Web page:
As peace hopes fade, so do Israel's memories of Yitzhak Rabin


McClatchy Newspapers

TEL AVIV — A dozen students on a field trip stood in front of the Yitzhak Rabin memorial in Tel Aviv on Tuesday to mark the anniversary of the former prime minister's assassination.

Several smoked cigarettes and stole glances at the shop windows across from the black slab of stone that marks the spot where Rabin was shot as he attended a rally in support of the Oslo Accords between Israel and the Palestinians. A few hours later, fewer than a dozen members of Rabin's former government stood in the same spot to honor their murdered leader.

Their numbers were in stark contrast to 16 years ago, when millions of Israelis filled the square as the country stood still, shrouded in mourning for the popular leader of Israel's peace camp.

Today, Rabin's legacy has been recast, if not cast aside. The once-popular peace movement now lies dormant, moribund, some would say, as Israeli and Palestinian leaders exchange mutual blame for the lack of progress.

Rabin's Labor party has shrunk to eight seats in the 120-member Parliament, and it's currently losing its core group of voters to the hawkish Likud and Israeli Beiteinu parties.

And while Rabin's name stood sacrosanct in the years following his death, recalled by prime ministers who vied to be seen as his successor, his name now conjures a more confusing legacy for many young Israeli adults.

"I was so young when he died, but I still have the memory of everyone crying," said Jonathan Sapir, 27. "My mom couldn't stop crying and she told me that we lost our greatest leader. Then I grew up and I started to have questions. I mean, do we seriously want the peace process? He might have given up too much and been perceived as weak by the Arabs, you know?"

His parents may have voted Labor, but the whole family now supports the right-wing Likud movement, led by current Israeli Prime Minister Benjamin Netanyahu, Sapir said.

"There was the intifada," Sapir said, referring to a Palestinian uprising, "and everyone questioned if this was really the people we were trying to make peace with. There is a different atmosphere now on the street."

This year will be the first without a large public rally to commemorate Rabin's death. The decision was made by his daughter, Dalia Rabin-Pelossof, after last year's memorial drew a meager crowd of several thousand that failed to fill the square. Instead, a small memorial was held by those who knew him, and the Israeli parliament will mark a special session in his honor on Wednesday.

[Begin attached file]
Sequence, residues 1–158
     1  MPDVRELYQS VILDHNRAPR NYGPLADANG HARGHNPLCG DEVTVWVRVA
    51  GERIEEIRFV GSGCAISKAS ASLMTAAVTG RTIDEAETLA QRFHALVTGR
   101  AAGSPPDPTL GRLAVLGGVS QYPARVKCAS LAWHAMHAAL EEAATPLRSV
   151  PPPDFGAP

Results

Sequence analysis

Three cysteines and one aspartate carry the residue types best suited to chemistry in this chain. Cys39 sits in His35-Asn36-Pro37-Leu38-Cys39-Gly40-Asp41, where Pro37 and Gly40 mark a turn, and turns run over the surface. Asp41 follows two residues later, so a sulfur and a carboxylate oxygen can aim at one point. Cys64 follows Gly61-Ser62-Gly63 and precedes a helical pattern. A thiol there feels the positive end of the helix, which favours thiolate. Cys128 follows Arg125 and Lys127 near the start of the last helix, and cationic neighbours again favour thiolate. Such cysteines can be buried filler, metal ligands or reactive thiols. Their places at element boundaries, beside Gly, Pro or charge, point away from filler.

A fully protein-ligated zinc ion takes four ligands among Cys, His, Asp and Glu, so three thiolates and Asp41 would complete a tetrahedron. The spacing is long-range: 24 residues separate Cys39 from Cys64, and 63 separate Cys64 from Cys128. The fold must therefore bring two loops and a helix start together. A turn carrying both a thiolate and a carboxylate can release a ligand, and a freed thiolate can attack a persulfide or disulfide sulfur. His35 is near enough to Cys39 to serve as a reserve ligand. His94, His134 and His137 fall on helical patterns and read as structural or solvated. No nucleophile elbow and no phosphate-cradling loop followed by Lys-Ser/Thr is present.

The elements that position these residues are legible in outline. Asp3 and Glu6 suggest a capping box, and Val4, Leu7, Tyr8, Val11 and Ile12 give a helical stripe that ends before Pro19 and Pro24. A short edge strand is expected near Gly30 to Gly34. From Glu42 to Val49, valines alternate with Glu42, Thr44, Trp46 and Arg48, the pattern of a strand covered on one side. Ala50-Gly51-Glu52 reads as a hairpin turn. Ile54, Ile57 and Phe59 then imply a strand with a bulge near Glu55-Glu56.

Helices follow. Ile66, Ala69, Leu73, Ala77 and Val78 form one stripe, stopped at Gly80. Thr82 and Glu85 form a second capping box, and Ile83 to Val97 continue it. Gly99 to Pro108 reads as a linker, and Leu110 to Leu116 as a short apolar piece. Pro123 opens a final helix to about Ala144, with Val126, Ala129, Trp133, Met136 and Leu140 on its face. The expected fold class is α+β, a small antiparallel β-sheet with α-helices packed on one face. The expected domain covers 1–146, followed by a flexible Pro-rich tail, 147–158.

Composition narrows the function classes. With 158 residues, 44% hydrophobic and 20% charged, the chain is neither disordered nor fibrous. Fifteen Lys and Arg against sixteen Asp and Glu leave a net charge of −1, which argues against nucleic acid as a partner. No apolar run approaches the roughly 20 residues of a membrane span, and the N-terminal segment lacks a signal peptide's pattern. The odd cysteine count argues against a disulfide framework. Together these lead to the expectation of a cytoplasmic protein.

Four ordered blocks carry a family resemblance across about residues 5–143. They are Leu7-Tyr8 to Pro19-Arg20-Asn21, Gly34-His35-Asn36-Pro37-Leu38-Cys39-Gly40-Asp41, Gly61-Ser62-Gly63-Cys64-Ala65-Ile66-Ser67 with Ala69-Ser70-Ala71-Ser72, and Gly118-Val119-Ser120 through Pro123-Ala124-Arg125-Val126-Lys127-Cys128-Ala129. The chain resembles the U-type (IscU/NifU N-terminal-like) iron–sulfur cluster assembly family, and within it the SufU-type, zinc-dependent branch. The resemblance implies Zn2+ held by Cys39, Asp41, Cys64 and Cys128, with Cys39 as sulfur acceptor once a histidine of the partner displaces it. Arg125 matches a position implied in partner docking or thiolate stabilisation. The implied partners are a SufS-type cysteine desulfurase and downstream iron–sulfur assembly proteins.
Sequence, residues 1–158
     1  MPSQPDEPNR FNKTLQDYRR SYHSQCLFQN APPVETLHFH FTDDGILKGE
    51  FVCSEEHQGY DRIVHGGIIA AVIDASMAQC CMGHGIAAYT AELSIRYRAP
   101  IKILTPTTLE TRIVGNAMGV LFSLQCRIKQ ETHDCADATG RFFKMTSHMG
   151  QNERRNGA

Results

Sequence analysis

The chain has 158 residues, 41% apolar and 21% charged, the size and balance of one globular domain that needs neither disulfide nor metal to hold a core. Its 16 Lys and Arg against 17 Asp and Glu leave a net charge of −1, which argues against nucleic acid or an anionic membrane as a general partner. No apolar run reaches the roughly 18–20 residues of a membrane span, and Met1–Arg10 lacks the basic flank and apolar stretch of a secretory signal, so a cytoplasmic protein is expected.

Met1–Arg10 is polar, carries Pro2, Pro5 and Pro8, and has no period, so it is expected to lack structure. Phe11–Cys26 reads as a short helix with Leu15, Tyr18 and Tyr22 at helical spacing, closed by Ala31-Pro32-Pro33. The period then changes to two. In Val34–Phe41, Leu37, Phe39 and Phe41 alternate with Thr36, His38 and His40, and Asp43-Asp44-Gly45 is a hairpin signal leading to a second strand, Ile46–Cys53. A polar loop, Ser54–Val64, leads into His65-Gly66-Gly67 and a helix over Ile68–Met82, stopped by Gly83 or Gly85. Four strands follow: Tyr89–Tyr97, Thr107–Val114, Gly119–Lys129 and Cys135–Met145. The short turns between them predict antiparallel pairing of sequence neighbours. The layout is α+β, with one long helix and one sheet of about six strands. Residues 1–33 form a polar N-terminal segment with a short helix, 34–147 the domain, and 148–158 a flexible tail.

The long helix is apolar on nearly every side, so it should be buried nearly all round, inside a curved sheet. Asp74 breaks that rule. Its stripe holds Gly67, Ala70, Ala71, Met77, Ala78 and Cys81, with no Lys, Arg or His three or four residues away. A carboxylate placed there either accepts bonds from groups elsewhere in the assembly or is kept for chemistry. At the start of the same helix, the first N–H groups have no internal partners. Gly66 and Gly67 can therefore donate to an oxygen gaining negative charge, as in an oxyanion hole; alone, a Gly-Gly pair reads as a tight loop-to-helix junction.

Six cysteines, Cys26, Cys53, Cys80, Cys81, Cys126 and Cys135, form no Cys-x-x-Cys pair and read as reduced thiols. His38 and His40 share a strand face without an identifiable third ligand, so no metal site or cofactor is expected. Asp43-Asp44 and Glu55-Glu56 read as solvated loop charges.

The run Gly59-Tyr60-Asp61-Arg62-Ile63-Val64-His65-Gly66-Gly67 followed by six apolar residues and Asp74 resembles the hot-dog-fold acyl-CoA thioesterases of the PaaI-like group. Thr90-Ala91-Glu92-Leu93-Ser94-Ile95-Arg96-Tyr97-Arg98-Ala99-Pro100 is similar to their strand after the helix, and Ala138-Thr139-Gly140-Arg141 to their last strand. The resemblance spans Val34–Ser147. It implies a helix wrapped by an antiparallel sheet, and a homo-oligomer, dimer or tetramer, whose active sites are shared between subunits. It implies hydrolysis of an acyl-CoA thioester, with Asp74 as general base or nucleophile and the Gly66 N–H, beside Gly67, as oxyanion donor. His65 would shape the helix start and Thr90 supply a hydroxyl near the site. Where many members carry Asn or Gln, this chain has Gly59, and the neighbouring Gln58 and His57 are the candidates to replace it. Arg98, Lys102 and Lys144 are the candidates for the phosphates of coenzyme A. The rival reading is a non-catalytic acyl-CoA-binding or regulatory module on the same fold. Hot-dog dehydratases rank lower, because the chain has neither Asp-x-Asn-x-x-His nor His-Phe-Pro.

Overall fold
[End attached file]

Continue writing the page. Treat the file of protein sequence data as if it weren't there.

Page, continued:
His daughter, who now chairs the Yitzhak Rabin Centre, said that she canceled the rally because "the rally costs half a million shekels yearly. ... Spending such an amount on a rally that in my opinion has exhausted itself as a memorial format is unnecessary."

Rabin's family has also asked that money from the state budget for Rabin's memorial events be redirected into private groups that can better honor his legacy.

"They don't like to see the politicians with their fake smiles of condolence hold longwinded speeches that use Rabin for their own political motives," said one volunteer with the center, who spoke to McClatchy without official clearance from the group and asked not to be identified.

Rabin's sister, Rachel Yaakov, conveyed a similar sentiment Friday at Rabin's grave outside Jerusalem.

"They have no interest in remembering (Rabin). The current political establishment wants to obscure his character and not talk about the assassination," she said.

Instead, she charged, the politicians now in charge supported the extremist groups that created an environment that gave rise to Yigal Amir, the right-wing zealot who assassinated Rabin.

"This was a political murder that didn't come out of nowhere. It was directed and organized incitement. It wasn't casual," she said.

In the years since Rabin's death, his killer has grown in popularity within certain extremist groups. Hardliners in Israel's settlement movement have expressed thanks to Amir and supported his wife and family as saviors of the settlement movement.

Earlier this year, a group of extremist settlers sprayed graffiti on a Muslim cemetery that praised Amir as a "true hero" of the Jewish people.

Ephraim Sneh, a former cabinet minister under Rabin, said that Israel had "let the Yigal Amirs of Israel win."

(Frenkel is a McClatchy special correspondent.)


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